How to Deal with Negative Press On Social Media

Written on 07 June, 2016 by Stefanie Kir
Categories Social Media

Social media is fast becoming a business hub for transactions, customer service, marketing and analytics. In fact, any aspect of your traditional business structure can be neatly transitioned to the online space, where you can access a wealth of opportunities and new markets.

Beyond the obvious benefits for branding and audience engagement, social media allows you the chance to structure your business more effectively and transition your company to an online space so you can greet customers in an entirely new way.

In light of this, it’s no surprise that many Australian businesses are rushing to embrace the shift. But, just as many are nervous about the potential negative impacts social media could have on them. They see the negative comments their competitors receive and, rather than use what would otherwise be a handy tool, they opt out in a move to protect themselves against negative press.

However, there is a way to harness the negativity and turn it to your favour. After all, the way you handle negativity online says a lot about you as a business.

Develop a clear-cut plan for responding

Great online customer service depends on providing your unhappy users timely, respectful responses. Show them the human side of your company and they’ll likely calm down quicker.

As the internet is so fast paced, it’s important that you’ve thought about the solutions to problems before they even arise. That way, when problems do come up, you have a ready-made plan of attack. From the outset, integrate a contingency plan into your marketing strategy. In your plan, you should think about what image your brand is trying to portray and choose your tone of voice accordingly.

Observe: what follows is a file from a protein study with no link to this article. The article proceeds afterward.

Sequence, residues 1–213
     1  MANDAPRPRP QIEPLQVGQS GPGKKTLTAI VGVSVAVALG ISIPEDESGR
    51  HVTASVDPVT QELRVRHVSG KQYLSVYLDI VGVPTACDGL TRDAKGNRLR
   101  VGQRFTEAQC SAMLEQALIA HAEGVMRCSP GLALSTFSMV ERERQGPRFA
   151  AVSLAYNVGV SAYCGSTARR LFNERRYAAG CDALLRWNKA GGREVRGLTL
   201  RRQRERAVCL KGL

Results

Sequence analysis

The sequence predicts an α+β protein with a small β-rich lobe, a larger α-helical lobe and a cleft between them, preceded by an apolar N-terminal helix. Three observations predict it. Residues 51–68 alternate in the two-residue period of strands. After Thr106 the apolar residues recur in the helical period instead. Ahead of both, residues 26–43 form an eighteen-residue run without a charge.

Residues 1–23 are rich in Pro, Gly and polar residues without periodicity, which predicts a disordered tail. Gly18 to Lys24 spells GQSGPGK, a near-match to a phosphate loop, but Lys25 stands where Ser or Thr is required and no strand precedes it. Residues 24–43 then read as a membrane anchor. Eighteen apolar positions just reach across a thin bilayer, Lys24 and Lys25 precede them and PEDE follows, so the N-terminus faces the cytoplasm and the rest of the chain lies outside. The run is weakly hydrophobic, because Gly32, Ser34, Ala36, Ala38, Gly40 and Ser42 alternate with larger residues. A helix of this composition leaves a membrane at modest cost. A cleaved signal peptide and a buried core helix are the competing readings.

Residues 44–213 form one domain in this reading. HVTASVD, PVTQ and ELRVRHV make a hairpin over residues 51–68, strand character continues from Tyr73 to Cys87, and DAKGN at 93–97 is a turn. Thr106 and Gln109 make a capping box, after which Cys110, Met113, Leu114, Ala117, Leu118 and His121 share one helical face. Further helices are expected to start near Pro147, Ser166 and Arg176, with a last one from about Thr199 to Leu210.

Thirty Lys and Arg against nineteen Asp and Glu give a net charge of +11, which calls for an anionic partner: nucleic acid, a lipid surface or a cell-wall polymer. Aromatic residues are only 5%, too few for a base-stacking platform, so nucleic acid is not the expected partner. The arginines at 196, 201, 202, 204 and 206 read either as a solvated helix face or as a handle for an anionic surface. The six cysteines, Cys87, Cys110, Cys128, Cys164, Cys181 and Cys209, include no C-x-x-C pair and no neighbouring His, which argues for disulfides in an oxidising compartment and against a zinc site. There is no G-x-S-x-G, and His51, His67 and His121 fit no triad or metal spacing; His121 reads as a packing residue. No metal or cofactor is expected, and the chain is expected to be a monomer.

Even more respected is your ability to admit mistakes and offer timely resolutions. Being humble in the face of mistakes – whether real or perceived – can turn the negative PR around on its head.

Improve your business model

Sometimes, although they are aggravating, customer complaints can provide insight into how we can improve our business models. Our knee-jerk reaction is to scoff at the complainer and turn a blind eye. The next step – after resolving the problem, of course – is to critically assess why this person commented the way they did.

Perhaps they are taking to your Facebook timeline to let you know shipping took too long. In this case, you might look into offering expedited shipping options. If they are annoyed that you didn’t email them back, look into the range of contact options available and integrate something that lets you contact them sooner  – perhaps a click-to-call button would be perfect here.

Don’t take it too much to heart, though. Unless it’s a recurring problem, it’s likely your customer was miffed without proper cause. In that case, just let it go.

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